Friday, September 24, 2021

Another Milwaukee fiscal problem - billions in tax-free property!

Since WisGOPs didn't allow Milwaukee to get a sales tax in the last state budget, they rely on property taxes and fees to pay to fix roads and perform services. But there's another complication there, as a recent story in Urban Milwaukee illustrated – a lot of City property isn’t part of the tax rolls, which makes homeowners and other pay higher property taxes.
Christ Church Milwaukee plans to purchase the 22,500-square-foot building, most recently an art gallery, and make it a permanent home for the church. As a result, the property would become tax exempt.

The church has agreed to make an annual “payment in lieu of taxes” (PILOT) for what would be the city share of its property tax bill. With an assessment of $1.05 million, that would be $10,731 under the city’s proposed 2022 tax rate.
That PILOT only happened after alders on the City’s Planning Commission asked why a property worth 7 figures was being taken out of the tax base, and the Department of City Development had to work out this PILOT agree with the church in order to get a change in zoning approved.

And Milwaukee has a disproportionate amount of property that does not get taxed, which makes for a double whammy in a time when shared revenues continue to be taken away from the City. So PILOTs become especially needed, or else property taxes would be even higher on City homeowners.
The city has used PILOTs to address the fact that more than 9,000 properties are property tax exempt. A 2019 treasurer’s office report says $4.6 billion of property is exempt, more than 17% of the city’s total assessed value. The percentage of property that is exempt far outpaces the suburbs, further exacerbating the city’s financial woes given its state-imposed reliance on property tax revenue.

The PILOT program requires participants to only pay what would be the city share of the property tax bill, approximately one third of an average bill.
So the schools, county and other places you send your property taxes still won’t get anything from this, eh? That’s not ideal.

But if Milwaukee is going to start concentrating on tax-exempt properties, may I suggest that there’s the Bradley Foundation’s mansion near the lake that went decades without paying a dime of property taxes.

$0 property taxes for this thing.

Especially since we know their main “charity” is in the form of wingnut welfare orgs like WILL the lawsuit mill, and that the Bradleys have given millions toward efforts to question and overturn the 2020 election.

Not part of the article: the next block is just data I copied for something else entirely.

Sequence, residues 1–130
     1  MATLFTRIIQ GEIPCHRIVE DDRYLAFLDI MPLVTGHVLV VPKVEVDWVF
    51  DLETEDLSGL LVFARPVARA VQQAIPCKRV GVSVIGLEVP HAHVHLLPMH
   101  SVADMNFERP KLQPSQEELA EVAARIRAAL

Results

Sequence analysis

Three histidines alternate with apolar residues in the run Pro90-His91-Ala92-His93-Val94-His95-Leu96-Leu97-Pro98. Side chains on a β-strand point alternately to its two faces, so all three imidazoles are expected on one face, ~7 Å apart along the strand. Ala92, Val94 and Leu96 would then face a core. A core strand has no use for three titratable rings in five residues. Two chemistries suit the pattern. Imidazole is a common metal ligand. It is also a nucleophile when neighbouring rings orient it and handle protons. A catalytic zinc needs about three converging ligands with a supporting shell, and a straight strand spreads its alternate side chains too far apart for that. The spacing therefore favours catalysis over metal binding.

Seriously, at this point, where’s the harm in the City of Milwaukee throwing a bill to the Bradleys for all the years they've been a fake non-profit? Make them open their books and show what types of “social welfare” they’ve really been doing, along with who is giving them cash (and likely dodging taxes as well).

No one other than Jane Mayer (who revealed the Bradleys’ anti-democracy efforts in the New Yorker) recommended this type of strategy at the federal level, when she spoke in Madison last weekend.
“I think the IRS could play a great role if they had the guts and also the wherewithal,” [Mayer] said, while acknowledging a Republican-led push to slash the agency’s budget. “It could really bring down the hammer on these groups because no group is supposed to get charitable status that is involved in partisan electoral politics ... I would love to see a good suit brought before them.”
There’s also another tax-free property in the City whose original agreement with the state is now over, and could probably chip in a bit more for all the cops that patrol its premises 81 times a year (or more).

OK, it's got a different name now, but you get the idea.

And given the way the Brew Crew is blowing this division and infuriating me, I really don't need to be reminded about that exemption right now.

Remember, the only local sales taxes in Milwaukee go to the county, and a food/beverage tax that pays for the Wisconsin Center District. The City gets nothing revenue-wise, beyond more visitors that might stay at hotels (and pay room tax) and rental car taxes and such. Which makes me wonder why it's Milwaukee cops that are handling traffic control and security inside AmFam Field. Just sayin'.

There are a lot of things that need to be done to reform our system of funding local government, particularly in the way that it treats Wisconsin's largest city and tourism attraction. But one of those reforms should recognize that Milwaukee has a lot of property tax dodges taxation, and that it needs to be made up in some sort of way.

1 comment:

  1. Follow up- Bruce Murphy in Urban Milwaukee estimates that MKE homeowners would save $800 a year on property taxes if all property were taxed.

    In Madison, we at least have UW and other state agencies pay for police, fire and other services (or have their own police). In Milwaukee, there is much less of this, and are private religions/charities (or “charities”).